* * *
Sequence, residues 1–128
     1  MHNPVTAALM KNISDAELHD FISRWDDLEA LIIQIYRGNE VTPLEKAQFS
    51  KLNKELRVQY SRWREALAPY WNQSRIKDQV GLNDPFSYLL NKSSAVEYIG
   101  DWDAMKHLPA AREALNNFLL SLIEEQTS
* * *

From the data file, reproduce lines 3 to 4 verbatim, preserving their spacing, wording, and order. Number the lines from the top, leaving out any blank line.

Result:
    51  KLNKELRVQY SRWREALAPY WNQSRIKDQV GLNDPFSYLL NKSSAVEYIG
   101  DWDAMKHLPA AREALNNFLL SLIEEQTS